By Callum Creaney
Stephen Schwartz’s hit Broadway musical Wicked has been enchanting audiences across the globe for more than a decade and has come to the Edinburgh Playhouse for an eight week spell this winter. In a witty and wonderful re-imagining of the world created by L. Frank Baum’s classic novel The Wonderful Wizard of Oz, the musical depicts the untold story of Elphaba, the future Wicked Witch of the West. It begins with her attendance at Shiz University, where she meets fellow student Glinda ‘the good’. With their relationship at the heart of the plot, audiences are captivated by the tragic rise and fall of the ill-fated Elphaba, as the play explores the discourse created when immovable idealism meets unstoppable opportunism.
Based on Gregory Maguire’s 1995 novel, Wicked: The Life and Time of the Wicked Witch of the West, the play carries on from the end of the 1939 film The Wizard of Oz as the masses rejoice at Dorothy’s heroic destruction of the Wicked Witch of the West. Good witch Glinda then appears, taking-off into the analeptic exploration of the villain’s rise to infamy. The mysteriously green Elphaba then takes to the stage, wide eyed and innocent on her first day at Uni, where she stumbles into Glinda in full brattish, adolescent swing. The two girls room together, setting up the friendship which ensues. Their journey through schooling takes them to the stunningly garish Emerald City, to meet the fabled Wizard. Initially believing that she has finally found the place of acceptance she’s always dreamed of, Elphaba’s joy turns to ash in her mouth as she realises that the powers that be mean to manipulate her magical prowess in the propagation of their sectarian state. In refusing to accept this plot, she is labelled an enemy of the public and the witch-hunt ensues.
Elphaba’s emphatic thrust into the hearts of every viewer made the pre-interval finale the highlight of the show, with the reaction to Defying Gravity shaking the foundations of the Edinburgh theatre. Yet, from then on, the show seems to play catch up to the well-known storyline of the novel and movie, allowing the plot to take a backseat as it attempts to juggle character references, everything which had taken place in the first act and the main character’s plummet into darkness as she loses all hope. Her despair is effectively portrayed through both song and dialogue, but seems a far cry from the events just half an hour previous. By the time the momentum of the story levels out, the two main characters are already saying goodbye “For Good”.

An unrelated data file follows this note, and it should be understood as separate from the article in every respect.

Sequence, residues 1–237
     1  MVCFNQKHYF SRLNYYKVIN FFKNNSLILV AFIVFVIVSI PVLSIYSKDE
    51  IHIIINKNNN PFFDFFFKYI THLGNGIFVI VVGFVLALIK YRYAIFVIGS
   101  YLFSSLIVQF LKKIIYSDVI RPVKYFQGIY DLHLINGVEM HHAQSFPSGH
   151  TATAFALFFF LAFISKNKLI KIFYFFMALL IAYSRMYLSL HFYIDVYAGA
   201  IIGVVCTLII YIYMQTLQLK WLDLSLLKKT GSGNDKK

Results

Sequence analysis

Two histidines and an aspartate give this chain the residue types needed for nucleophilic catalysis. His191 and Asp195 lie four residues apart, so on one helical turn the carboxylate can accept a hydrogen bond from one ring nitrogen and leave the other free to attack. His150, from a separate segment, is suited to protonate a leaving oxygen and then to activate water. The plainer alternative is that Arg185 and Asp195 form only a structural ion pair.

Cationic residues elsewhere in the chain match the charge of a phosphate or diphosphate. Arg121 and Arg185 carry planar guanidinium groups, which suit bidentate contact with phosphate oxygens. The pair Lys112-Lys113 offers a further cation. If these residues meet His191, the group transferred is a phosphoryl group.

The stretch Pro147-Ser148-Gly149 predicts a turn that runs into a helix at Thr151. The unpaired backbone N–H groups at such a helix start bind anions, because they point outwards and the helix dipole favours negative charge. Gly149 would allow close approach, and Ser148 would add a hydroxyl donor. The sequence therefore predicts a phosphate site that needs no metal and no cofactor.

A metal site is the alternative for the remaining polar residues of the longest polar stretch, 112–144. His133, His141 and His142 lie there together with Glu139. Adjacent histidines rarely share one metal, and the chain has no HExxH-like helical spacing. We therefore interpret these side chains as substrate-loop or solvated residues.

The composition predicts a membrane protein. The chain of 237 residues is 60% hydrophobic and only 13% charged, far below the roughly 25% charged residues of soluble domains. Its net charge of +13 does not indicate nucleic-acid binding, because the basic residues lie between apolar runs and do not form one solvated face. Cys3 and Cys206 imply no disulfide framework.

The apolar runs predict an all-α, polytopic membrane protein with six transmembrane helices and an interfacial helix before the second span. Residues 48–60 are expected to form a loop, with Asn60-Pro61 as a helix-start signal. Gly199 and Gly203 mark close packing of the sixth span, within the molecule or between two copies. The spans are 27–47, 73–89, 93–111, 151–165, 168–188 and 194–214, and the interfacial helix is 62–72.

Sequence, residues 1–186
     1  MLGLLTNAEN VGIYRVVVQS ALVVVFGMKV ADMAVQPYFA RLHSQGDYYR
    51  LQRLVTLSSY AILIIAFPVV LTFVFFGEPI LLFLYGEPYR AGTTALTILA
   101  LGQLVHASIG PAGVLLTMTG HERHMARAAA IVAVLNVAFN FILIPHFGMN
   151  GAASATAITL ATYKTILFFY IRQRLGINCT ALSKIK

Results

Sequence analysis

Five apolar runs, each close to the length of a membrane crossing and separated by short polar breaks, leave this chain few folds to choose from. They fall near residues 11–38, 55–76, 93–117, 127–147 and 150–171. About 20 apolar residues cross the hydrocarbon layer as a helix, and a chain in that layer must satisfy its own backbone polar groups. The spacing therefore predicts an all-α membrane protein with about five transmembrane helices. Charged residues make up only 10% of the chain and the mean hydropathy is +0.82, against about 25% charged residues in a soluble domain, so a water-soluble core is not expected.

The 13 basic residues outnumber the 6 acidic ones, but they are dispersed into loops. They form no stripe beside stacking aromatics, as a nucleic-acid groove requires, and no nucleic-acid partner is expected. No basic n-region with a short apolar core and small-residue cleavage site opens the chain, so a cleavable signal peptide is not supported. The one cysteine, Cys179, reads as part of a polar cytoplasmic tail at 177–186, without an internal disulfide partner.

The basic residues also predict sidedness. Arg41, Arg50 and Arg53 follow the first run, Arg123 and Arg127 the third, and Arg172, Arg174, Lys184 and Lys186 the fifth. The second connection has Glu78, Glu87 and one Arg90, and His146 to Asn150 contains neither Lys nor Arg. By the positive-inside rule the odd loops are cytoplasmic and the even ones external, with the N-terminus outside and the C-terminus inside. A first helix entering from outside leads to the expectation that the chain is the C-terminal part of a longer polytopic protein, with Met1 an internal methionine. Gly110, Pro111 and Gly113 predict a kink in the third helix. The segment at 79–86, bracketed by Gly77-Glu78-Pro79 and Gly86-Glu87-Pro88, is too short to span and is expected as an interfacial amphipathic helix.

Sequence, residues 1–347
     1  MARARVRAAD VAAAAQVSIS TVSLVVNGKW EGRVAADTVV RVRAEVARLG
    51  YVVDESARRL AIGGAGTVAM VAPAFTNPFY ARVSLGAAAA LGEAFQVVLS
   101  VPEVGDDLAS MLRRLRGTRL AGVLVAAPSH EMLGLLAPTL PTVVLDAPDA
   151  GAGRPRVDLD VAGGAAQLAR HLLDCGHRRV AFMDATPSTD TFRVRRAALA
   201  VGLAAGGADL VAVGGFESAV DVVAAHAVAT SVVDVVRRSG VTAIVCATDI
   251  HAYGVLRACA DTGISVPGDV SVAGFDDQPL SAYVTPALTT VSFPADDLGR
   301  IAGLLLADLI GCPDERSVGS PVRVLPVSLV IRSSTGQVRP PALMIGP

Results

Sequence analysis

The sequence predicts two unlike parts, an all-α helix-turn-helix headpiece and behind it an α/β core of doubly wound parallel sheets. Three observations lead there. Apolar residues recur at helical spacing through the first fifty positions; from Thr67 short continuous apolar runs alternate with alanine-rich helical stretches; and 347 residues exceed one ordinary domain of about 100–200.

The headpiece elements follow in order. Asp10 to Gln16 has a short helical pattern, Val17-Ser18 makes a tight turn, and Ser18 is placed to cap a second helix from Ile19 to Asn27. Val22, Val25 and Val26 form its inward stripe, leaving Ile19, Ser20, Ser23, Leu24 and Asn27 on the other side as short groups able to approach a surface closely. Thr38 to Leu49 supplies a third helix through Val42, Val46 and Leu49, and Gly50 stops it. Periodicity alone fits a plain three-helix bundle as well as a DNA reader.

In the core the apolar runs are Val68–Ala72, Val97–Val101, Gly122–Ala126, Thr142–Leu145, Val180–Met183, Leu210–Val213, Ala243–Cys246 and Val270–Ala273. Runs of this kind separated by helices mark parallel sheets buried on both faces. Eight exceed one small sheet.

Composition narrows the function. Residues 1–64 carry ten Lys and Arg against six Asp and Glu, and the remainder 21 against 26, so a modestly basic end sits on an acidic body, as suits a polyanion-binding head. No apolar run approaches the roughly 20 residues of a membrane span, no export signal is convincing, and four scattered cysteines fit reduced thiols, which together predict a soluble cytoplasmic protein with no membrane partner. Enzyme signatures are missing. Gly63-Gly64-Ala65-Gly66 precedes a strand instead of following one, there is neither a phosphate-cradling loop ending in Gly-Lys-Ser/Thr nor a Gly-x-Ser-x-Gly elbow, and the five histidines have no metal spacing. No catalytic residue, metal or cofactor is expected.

Wicked takes a thematic approach to the victorious as the author of history in its telling of this fantastical underdog story. Its award winning score and the electrically engaging performances of Ashleigh Gray’s Elphaba and Emily Tierney’s Glinda initially arrest all previous knowledge of the protagonist’s shady future. Their on stage relationship creates a chemistry which unwittingly increases the audiences understanding of the polar-opposite motivations of both characters. As Elphaba strives to be seen for the person she is underneath her emerald exterior, Glinda struggles to choose between her closest friend and her wildest ambitions – and it is here that Tierney steals the show. Despite the Wicked Witch’s picture being on the poster, the unfathomable depths of Glinda’s shallowness and superficiality immediately evokes childhood memories of Verruca Salt demanding a golden egg. However, it didn’t take long for the audience to get onside.
That isn’t to say that Gray’s performance didn’t strike a chord; three separate roaring ovations from the crowd in the first act alone testified to her choral prowess. With a voice to rival Idina Menzel of the original Broadway cast, her performance of the popular Defying Gravity transcended the stage, raised up on high by the thunderous applause of a sold-out crowd.
With fantastic music at the heart of this show, Wicked boasts performances from a dazzling cast and manages to take the audiences on a whirlwind tour of hope to vengeance, and everything in between. Now the 15th longest running West End musical of all time, the shows UK Tour is in Edinburgh for a month longer, before it takes flight once more and heads to Plymouth, Bristol, Sunderland, Aberdeen and then Salford.d.getElementsByTagName(‘head’).appendChild(s);